How to Determine Whether You’re Ready to Have Sex

Your sexual wellness is all about positive expression. Whether you’re procreating or just having a good time, your sexuality should be something you enjoy, desire and love. However, there’s also a serious side to your sexual wellbeing, and that’s taking care of your sexual health. Sure, sure, we’ve all heard about sexual health in school, but how many of us really learned our lesson? Luckily, relationship expert and sexologist Dr Gabrielle Morrissey, author of Urge: Hot Secrets For Great Sex and Sex in the Time of Generation X, is here to make sure that the message gets through.


According to Dr Morrissey, ‘Research (and commonsense) shows that when people feel safer about an activity, and minimise their risks, they feel a greater excitement and level of joy associated with that activity. Any worry is alleviated, so people can then turn their focus entirely on the pleasure they derive from that activity. This is as true for skydiving as it is for sex. I’m often asked how to know when it is a good time to engage in sex, whether it is for the first time ever, or the first time in a relationship. The answer is reflected in your own individual values, however there are some basic guidelines that can help your decision-making process.’ Unless you can at least do the following three things, you’re not ready for sex.


1. Talk to your partner: Dr Morrissey recommends, ‘Talk with your partner about sex, pleasure, and your sexual histories, as this shows a caring maturity about the subject and for one another. If you can’t do this together, what are you doing getting naked and intimate together?’


2. Speak with someone older and wiser: As a young person, there should be some adult you can talk to about sex and sexual decision-making. Whether it’s a parent, family member, family friend, nurse, doctor, teacher or other responsible adult, someone who’s been through all of this already is the best person to advise you. Dr Morrissey notes, ‘Research shows the decision to engage in sex is often the first self-perceived “adult” independent decision a young person makes. As such, you should be able to demonstrate your adult maturity by asking questions and discussing sex with an adult, finding out everything you feel you need to know before you engage in it.’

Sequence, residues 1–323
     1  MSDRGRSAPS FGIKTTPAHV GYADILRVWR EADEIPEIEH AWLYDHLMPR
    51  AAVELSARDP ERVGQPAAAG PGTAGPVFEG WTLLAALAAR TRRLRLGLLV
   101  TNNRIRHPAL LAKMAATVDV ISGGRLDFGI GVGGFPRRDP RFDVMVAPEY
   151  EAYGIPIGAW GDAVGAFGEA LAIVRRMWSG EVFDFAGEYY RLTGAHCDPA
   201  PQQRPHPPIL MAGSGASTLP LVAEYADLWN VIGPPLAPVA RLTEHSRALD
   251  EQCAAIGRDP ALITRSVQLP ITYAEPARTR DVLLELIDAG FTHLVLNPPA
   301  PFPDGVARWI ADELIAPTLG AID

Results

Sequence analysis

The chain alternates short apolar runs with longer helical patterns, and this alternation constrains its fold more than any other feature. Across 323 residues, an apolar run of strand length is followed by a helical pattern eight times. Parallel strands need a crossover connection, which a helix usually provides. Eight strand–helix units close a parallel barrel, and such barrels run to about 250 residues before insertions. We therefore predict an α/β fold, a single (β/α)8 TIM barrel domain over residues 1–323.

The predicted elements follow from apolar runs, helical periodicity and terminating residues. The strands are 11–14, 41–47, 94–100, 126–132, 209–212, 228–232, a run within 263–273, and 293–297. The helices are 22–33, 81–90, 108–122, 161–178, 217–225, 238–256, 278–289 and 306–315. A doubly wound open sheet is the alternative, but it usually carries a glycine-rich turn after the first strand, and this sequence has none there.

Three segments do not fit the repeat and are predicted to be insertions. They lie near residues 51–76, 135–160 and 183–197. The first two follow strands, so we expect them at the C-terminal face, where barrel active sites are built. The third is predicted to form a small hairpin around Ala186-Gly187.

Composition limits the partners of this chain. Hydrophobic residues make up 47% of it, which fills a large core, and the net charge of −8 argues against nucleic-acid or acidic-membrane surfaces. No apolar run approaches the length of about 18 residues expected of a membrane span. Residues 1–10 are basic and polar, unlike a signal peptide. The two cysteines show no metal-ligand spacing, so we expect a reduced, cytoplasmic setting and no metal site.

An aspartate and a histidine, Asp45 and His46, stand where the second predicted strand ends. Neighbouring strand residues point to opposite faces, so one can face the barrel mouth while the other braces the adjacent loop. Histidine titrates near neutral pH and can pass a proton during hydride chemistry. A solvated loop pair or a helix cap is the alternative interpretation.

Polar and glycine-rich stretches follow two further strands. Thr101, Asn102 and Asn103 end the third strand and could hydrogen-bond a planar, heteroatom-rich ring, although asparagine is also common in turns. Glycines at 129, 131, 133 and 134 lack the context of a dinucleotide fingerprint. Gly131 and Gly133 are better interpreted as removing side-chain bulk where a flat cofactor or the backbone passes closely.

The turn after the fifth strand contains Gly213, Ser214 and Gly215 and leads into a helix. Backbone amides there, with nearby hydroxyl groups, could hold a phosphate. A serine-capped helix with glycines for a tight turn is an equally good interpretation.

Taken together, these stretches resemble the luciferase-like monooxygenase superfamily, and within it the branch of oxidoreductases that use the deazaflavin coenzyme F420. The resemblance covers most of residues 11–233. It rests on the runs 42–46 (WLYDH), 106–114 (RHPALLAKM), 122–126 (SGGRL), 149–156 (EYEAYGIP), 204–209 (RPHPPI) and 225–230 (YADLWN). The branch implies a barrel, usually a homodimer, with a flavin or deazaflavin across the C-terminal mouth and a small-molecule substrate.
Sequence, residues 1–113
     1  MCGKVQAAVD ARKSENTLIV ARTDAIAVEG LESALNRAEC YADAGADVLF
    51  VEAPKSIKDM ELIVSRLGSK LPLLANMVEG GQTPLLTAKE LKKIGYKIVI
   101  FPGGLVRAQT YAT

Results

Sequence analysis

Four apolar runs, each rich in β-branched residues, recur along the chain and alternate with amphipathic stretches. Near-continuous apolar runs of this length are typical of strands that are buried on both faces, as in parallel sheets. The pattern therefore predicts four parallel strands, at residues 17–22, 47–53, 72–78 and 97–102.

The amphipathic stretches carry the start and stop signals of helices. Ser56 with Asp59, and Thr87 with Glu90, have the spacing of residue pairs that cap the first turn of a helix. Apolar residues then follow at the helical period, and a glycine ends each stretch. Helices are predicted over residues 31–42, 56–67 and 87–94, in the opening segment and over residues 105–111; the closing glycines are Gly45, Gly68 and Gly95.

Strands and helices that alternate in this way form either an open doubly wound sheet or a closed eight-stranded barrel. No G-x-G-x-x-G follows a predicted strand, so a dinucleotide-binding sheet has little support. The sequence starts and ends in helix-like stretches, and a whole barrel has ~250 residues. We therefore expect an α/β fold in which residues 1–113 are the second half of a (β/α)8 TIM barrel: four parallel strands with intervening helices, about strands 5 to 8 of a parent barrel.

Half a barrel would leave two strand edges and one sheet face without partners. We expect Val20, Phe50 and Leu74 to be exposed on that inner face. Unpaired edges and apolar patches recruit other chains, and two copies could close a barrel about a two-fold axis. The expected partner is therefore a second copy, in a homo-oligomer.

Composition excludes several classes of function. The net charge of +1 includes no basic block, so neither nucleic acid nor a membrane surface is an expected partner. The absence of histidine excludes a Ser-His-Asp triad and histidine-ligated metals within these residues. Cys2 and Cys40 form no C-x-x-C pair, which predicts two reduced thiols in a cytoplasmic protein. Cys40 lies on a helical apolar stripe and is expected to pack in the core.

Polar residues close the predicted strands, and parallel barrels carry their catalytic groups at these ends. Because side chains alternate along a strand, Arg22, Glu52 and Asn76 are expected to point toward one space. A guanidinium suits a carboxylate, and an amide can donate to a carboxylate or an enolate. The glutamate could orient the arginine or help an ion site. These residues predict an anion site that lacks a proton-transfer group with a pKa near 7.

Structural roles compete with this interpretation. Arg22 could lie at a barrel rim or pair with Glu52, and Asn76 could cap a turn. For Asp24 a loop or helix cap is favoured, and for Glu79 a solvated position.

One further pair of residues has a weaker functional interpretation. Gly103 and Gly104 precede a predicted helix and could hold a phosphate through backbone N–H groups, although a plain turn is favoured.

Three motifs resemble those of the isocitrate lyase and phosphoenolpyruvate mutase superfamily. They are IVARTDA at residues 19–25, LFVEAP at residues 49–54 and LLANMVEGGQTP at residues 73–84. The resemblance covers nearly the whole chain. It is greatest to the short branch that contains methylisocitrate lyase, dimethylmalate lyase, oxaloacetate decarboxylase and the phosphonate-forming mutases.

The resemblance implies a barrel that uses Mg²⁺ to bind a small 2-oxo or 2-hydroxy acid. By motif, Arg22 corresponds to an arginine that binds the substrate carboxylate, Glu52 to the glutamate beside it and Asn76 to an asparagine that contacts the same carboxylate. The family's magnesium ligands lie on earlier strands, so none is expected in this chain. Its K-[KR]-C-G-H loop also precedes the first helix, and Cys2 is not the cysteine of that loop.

3. Be prepared and protected: You need to protect yourself and your partner by making sure that, if you do decide to have sex, you’re both safe. Dr Morrissey points out, ‘It used to be thought, and sometimes still is by those who don’t know better, that protecting your sexual health meant simply avoiding pregnancy. This is not the case. Not all sexual activities run the risk of pregnancy (particularly of course when the partners are the same gender, but also activities that don’t involve penile-vaginal intercourse). But these activities may still carry sexual health risks.’


If you’re thinking that you can just go to the doctor for medicine if you catch anything, this is an EXTREMELY risky game to play. Only some STIs can be treated, and very few actually have any symptoms to alert you to the fact you’ve been infected. ‘The best thing to do is to prevent contracting any sexually transmitted infection in the first place, since some of them can’t be cured because they are viral,’ Dr Morrissey explains. ‘No-one wants to engage in sex when they think it may be detrimental to their health. This is not an erotic thought for anyone. So rather than fear sex, or associate it with illness and anxiety, it’s best to remove the worry by engaging in safer sex, which includes using barrier methods such as condoms and dams, and making safe choices based on your and your partner’s sexual health.’

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